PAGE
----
It was still pretty hot outside, so nobody closed the front door. When I walked down the street, I could see into every house. I saw kids in the kitchens eating dinner, and old people on the porches, listening to the radio. And there were some young guys in a driveway working on an old car. They looked about Danny's age, but I never saw them at the school. I said, "I'm looking for Benny Mendoza," but they just stared at me like they couldn't believe it. Like why would I want to find Benny Mendoza? They said they never heard of him and went on watching me till I walked away.
I must have spent another hour talking to different guys, but it was always the same, like no one ever heard the name. Then the sun set, it got dark out quick, and soon the streetlights came on. I walked over to Rosario's Cantina, up to the big window in front, and looked at myself in the glass. It was strange because I almost didn't recognize my face--a long, skinny face without an expression and big black eyes that didn't blink. Then I started to wonder what I was doing here, alone on the street with a gun. I was pretty mixed up, and I kept thinking something different. Like, should I marry Carla or dump her? Shoot Benny or throw away the gun?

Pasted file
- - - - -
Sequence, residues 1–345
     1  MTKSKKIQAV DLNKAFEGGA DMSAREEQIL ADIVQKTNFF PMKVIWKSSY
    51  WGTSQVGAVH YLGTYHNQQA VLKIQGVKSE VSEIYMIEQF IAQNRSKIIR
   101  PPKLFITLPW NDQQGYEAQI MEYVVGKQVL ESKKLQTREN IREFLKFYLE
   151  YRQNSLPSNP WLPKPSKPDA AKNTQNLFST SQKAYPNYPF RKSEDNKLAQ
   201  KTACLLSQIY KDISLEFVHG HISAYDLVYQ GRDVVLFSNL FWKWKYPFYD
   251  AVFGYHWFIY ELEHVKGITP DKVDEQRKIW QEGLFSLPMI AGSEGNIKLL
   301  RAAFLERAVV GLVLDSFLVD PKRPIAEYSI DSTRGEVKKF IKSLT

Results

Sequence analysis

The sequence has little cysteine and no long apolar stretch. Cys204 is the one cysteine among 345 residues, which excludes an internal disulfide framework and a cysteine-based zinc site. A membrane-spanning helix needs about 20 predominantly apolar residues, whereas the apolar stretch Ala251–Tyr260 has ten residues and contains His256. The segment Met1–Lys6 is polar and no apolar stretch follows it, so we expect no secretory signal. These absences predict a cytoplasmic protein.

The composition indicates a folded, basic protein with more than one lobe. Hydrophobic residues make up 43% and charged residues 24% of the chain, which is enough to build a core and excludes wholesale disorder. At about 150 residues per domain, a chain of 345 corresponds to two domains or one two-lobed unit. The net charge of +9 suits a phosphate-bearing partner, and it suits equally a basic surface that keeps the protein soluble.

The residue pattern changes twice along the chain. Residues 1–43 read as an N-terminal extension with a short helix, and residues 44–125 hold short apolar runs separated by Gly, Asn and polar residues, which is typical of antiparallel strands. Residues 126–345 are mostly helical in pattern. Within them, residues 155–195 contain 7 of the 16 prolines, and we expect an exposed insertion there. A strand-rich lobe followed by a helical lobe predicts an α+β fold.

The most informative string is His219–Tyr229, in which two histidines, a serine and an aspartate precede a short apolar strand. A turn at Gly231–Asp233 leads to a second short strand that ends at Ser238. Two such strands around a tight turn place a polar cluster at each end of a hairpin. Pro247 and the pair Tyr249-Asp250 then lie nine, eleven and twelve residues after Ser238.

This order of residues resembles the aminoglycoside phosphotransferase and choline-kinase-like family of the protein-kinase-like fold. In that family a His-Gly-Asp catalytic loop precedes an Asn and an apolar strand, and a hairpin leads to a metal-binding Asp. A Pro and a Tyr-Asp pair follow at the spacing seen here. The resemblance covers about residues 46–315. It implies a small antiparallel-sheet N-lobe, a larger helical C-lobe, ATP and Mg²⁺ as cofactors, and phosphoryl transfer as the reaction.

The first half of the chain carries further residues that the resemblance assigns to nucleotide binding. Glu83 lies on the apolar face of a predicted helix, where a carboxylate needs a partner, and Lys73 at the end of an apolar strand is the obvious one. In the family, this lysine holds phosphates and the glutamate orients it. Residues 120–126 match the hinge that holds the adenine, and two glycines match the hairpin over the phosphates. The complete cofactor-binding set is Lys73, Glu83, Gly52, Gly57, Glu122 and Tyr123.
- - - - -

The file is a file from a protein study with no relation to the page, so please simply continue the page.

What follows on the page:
There was nobody I could ask. So right there, in front of Rosario's Cantina, I tried to talk to God. This was the first time in maybe ten years, and I didn't know if I still could hear His voice, but I shut my eyes and told him my story. And then I waited a long time.
I didn't hear nothing. But after awhile, something did happen. I didn't hear His voice, but I got an idea. And I figured maybe this idea came from Him. And then I felt so glad, all of a sudden I started running back to Danny's house to tell him.
I was breathing hard when I got to his room, and when he saw me, he looked scared because he knew I took the gun.
"Did you-- ? " he said.
I never saw such fear on Danny's face until I shook my head. It was okay, I told him. "I figured it out. We don't have to kill nobody," I said. Then I tried to explain. "Suppose Carla has a baby, and he grows up, and he asks about his father? Someone's going to tell him, 'Jesus Santos is in prison because he killed your father.' The kid would hate me, right?"
Danny didn't know what I was talking about, but I kept going.